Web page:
The Consumer Review Fairness Act of 2016 goes into effect on March 14, 2017, and declares unlawful any “form contract” that prohibits or restricts the ability of an individual to engage in a “covered communication,” which is broadly defined to include any review, performance assessment, or other similar analysis of the company’s goods, services, or conduct.
I. What is prohibited?
The new law provides that, except as otherwise provided, a provision of a “form contract” is void from the inception of such contract if it:
A. prohibits or restricts the ability of an individual who is a party to the form contract to engage in a covered communication;
B. imposes a penalty or fee against an individual who is a party to the form contract for engaging in a covered communication; or
C. transfers or requires an individual who is a party to the form contract to transfer to any person any intellectual property rights in review or feedback content, with the exception of a non-exclusive license to use the content, that the individual may have in any otherwise lawful covered communication about such person or the goods or services provided by such person.
A separate subdivision of the law provides that it is unlawful to “offer” such a form contract.
The term “form contract” is defined as “a contract with standardized terms—(i) used by a person in the course of selling or leasing the person's goods or services; and (ii) imposed on an individual without a meaningful opportunity for such individual to negotiate the standardized terms;” except that it does not include employer-employee or independent contractor contract. The phrase “used by a person in the course of” is not defined, but it will likely be broadly interpreted to accomplish the goals of the new law.
In contrast, the term “covered communication” is defined very broadly, meaning a “a written, oral, or pictorial review, performance assessment of, or other similar analysis of, including by electronic means, the goods, services, or conduct of a person.” The term “electronic means” implies that it will be broadly interpreted to apply to mobile apps and social media channels to the extent they facilitate covered communications.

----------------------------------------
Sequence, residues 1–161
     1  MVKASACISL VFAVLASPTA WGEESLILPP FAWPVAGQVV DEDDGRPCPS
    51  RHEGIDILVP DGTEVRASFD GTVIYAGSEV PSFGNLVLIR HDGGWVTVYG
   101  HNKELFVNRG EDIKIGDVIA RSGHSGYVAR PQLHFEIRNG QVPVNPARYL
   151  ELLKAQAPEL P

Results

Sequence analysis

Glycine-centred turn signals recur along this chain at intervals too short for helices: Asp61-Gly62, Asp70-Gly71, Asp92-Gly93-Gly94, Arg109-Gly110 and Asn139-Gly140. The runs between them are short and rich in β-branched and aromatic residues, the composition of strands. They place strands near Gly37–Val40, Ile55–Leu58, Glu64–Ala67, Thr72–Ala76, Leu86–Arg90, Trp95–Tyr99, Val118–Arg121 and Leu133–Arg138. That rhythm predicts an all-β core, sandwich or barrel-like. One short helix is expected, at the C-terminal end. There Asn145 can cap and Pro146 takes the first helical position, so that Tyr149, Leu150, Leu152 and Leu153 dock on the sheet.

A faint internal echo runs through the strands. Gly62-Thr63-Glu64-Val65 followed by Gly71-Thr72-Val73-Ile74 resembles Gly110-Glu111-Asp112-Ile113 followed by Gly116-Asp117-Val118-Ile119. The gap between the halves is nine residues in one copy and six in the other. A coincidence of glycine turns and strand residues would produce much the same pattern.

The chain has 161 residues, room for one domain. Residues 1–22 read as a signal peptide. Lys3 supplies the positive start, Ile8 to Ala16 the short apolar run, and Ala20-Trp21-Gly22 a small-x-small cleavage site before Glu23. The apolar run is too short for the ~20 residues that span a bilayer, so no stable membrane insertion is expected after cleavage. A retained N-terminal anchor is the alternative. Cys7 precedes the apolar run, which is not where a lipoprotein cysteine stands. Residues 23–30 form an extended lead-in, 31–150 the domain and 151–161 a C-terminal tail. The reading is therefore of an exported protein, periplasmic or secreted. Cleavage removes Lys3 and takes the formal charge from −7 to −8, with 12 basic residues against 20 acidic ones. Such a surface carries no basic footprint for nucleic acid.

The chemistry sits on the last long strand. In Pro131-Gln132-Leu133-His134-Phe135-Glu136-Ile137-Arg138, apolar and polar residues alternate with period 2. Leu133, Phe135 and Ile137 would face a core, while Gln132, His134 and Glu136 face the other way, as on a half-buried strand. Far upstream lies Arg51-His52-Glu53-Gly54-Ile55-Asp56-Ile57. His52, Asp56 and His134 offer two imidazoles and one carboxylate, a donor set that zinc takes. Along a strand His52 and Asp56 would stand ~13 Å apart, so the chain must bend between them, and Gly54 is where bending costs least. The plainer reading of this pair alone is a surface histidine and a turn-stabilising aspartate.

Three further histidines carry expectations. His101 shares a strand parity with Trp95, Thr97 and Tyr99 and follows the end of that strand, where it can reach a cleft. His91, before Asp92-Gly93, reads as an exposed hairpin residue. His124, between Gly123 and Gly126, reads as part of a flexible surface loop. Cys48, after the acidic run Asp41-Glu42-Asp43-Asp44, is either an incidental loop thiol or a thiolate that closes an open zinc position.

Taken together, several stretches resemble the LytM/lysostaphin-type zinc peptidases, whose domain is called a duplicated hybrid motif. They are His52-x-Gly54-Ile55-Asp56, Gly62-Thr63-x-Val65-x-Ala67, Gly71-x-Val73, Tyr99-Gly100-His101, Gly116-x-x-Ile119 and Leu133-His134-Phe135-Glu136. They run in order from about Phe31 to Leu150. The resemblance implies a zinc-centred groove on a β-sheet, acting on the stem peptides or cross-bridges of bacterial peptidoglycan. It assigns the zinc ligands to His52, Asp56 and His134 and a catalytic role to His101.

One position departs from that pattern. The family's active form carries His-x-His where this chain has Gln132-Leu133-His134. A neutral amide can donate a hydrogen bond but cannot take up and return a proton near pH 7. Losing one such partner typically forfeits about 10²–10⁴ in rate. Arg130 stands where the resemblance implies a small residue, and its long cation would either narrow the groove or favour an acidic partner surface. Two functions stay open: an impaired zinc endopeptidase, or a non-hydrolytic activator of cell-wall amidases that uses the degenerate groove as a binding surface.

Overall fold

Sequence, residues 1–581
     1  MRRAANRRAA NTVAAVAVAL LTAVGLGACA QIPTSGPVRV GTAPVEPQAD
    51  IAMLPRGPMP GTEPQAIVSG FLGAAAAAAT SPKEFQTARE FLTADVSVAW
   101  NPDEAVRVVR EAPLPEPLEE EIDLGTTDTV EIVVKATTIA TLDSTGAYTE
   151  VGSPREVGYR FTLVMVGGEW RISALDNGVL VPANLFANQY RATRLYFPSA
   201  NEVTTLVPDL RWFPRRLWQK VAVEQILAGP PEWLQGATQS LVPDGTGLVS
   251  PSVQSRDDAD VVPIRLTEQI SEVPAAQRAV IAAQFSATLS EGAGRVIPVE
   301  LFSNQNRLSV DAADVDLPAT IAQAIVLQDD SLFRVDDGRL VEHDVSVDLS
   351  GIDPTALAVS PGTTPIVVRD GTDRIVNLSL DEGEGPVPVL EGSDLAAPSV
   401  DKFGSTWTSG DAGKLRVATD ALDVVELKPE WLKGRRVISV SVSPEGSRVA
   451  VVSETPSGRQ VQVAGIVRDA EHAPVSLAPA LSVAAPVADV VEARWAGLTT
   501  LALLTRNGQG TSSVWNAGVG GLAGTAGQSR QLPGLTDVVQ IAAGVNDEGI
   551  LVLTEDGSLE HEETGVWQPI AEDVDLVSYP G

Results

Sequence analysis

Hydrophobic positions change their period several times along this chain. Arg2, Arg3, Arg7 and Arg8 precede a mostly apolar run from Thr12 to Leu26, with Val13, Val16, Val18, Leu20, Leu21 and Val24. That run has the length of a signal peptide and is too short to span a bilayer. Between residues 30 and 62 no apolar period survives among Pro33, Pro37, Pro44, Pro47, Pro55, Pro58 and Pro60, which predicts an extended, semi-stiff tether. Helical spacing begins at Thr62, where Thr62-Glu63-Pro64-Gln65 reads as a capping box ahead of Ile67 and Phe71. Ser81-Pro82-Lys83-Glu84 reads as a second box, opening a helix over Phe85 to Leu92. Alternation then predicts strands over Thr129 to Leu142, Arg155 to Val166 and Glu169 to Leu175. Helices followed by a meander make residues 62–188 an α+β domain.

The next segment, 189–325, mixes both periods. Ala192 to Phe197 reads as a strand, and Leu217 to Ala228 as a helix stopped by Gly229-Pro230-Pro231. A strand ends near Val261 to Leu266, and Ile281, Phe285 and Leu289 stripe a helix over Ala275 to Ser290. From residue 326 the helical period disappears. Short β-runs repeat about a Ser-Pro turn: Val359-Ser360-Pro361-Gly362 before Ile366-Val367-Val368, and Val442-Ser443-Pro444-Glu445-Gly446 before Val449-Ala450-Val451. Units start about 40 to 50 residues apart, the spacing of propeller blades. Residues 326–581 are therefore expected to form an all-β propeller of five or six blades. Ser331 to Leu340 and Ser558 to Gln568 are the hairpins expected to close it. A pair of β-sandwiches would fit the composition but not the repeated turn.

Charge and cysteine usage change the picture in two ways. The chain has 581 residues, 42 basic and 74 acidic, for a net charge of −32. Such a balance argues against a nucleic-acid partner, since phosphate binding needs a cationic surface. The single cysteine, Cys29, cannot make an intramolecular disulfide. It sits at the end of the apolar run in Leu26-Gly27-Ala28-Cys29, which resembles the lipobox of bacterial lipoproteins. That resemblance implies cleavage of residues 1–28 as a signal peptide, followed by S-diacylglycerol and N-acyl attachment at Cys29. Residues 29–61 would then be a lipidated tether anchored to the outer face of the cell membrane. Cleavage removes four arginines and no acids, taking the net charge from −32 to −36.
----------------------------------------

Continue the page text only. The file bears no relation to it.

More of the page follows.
II. What is still permitted?
As one would expect, the new law confirms that the prohibitions set forth above shall not be construed to affect:
A. any duty of confidentiality imposed by law (including agency guidance);
B. any civil cause of action for defamation, libel, or slander, or any similar cause of action;
C. any party's right to remove or refuse to display publicly any webpage owned, operated, or otherwise controlled by it any content of a covered communication that (i) contains the personal information or likeness of another person, or is libelous, harassing, abusive, obscene, vulgar, sexually explicit, or is inappropriate with respect to race, gender, sexuality, ethnicity, or other intrinsic characteristic; (ii) is unrelated to the goods or services offered by or available at such party's website; or (iii) is clearly false or misleading; or
D. a party's right to establish terms and conditions with respect to the creation of photographs or video when created by an employee or independent contractor of a commercial entity and solely intended for commercial purposes by that entity.
Closing the loop, the new law confirms that the prohibitions set forth above “shall not apply to the extent that a provision of a form contract prohibits disclosure or submission of, or reserves the right of a person or business that hosts online consumer reviews or comments to remove”:
A. trade secrets or commercial or financial information obtained from a person and considered privileged or confidential;
B. personnel and medical files and similar information the disclosure of which would constitute a clearly unwarranted invasion of personal privacy;
C. records or information compiled for law enforcement purposes;
D. content that is unlawful; or
E. content that contains any computer viruses, worms, or other potentially damaging computer code, processes, programs, applications or files.
III. Are there penalties for noncompliance?
Yes. Violations of the new law are subject to the penalties provided in the Federal Trade Commission Act, 15 U.S.C. §§ 41 et seq. The law permits the attorney general and any other consumer protection officer of a State who is authorized by the State to bring a civil action on behalf of the State’s residents and to obtain appropriate relief. The Federal Trade Commission may intervene in any such action and it may also enforce the new law in the same manner, by the same means and with the same jurisdiction, powers, and duties as contemplated by the Federal Trade Commission Act.
Click here to read a copy of the Consumer Review Fairness Act of 2016.
Click here to read a copy of Pillsbury’s Internet & Social Media Law Blog post in December 2016, “The Freedom to Yelp: Congress Curbs ToS Overreach.